Board Gender diversity and corporate response to sustainability initiatives: evidence from the Carbon Disclosure Project

W. Ben-Amar, Millicent Chang, M. Mcilkenny

Research output: Contribution to journalArticle

112 Citations (Scopus)

Abstract

This paper investigates the effect of female representation on the board of directors on corporate response to stakeholders' demands for increased public reporting about climate change-related risks. We rely on the Carbon Disclosure Project as a sustainability initiative supported by institutional investors. Greenhouse gas emissions measurement and its disclosure to investors can be thought of as a first step toward addressing climate change issues and reducing the firm's carbon footprint. Based on a sample of publicly listed Canadian firms over the period 2008-2014, we find that the likelihood of voluntary climate change disclosure increases with women percentage on boards. We also find evidence that supports critical mass theory with regard to board gender diversity. These findings reinforce initiatives being undertaken around the world to promote gender diversity in corporate governance while demonstrating board effectiveness in stakeholder management.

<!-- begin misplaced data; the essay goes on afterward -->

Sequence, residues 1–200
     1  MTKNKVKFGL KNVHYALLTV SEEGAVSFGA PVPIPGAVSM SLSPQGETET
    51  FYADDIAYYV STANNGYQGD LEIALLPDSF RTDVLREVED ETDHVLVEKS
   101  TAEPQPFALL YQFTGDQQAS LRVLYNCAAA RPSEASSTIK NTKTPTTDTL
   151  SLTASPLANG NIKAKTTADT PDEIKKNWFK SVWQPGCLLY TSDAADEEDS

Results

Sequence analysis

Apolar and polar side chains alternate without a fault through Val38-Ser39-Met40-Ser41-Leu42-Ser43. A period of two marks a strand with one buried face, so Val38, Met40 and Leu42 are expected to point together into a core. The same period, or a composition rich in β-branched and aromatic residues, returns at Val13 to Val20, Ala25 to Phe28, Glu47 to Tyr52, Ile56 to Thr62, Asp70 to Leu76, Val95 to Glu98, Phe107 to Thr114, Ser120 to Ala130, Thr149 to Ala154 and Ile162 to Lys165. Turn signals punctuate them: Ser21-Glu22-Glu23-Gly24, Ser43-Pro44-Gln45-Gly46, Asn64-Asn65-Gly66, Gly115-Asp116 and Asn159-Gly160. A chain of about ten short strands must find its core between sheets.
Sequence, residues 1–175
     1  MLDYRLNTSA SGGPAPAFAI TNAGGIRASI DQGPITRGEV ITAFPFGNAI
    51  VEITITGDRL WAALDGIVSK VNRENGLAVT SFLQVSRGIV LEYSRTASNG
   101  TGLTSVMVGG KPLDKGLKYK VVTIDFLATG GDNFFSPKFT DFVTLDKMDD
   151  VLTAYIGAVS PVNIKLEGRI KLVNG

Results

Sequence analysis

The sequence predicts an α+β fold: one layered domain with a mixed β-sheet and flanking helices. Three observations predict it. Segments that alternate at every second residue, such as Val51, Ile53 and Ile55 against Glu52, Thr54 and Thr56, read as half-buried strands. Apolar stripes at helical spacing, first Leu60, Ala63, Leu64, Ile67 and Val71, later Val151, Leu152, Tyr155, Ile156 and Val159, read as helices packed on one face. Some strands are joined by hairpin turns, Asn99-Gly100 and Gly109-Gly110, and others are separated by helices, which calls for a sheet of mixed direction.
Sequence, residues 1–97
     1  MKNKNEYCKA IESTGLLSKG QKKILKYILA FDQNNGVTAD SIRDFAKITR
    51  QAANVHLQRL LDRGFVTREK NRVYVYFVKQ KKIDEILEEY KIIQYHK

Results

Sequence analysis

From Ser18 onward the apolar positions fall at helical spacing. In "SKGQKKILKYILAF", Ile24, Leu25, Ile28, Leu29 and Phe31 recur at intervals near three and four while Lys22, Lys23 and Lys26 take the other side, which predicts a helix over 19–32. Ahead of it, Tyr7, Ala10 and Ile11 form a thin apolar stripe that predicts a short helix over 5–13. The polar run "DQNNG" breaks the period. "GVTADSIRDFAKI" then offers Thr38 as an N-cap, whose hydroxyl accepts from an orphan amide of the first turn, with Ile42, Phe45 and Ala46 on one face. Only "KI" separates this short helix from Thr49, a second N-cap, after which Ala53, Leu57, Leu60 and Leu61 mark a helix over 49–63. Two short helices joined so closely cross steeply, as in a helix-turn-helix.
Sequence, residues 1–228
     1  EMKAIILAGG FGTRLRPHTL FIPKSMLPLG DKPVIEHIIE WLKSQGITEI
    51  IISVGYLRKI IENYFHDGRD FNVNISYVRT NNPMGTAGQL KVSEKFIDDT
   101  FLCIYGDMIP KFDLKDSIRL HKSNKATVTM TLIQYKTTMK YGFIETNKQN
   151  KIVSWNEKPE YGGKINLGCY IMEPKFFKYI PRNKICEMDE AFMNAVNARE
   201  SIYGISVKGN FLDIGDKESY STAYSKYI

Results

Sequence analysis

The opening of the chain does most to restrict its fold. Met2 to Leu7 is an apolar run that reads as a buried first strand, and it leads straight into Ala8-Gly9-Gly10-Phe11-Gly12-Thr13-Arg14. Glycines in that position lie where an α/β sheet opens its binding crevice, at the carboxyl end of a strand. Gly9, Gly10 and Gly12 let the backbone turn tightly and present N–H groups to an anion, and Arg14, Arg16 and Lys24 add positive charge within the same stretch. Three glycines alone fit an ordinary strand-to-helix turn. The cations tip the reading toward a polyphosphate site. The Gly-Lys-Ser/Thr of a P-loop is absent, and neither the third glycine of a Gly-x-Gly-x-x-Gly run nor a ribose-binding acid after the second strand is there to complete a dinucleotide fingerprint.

Original languageEnglish
Pages (from-to)1-15
JournalJournal of Business Ethics
Volumen/a
DOIs
Publication statusPublished - 2016

Fingerprint Dive into the research topics of 'Board Gender diversity and corporate response to sustainability initiatives: evidence from the Carbon Disclosure Project'. Together they form a unique fingerprint.

  • Cite this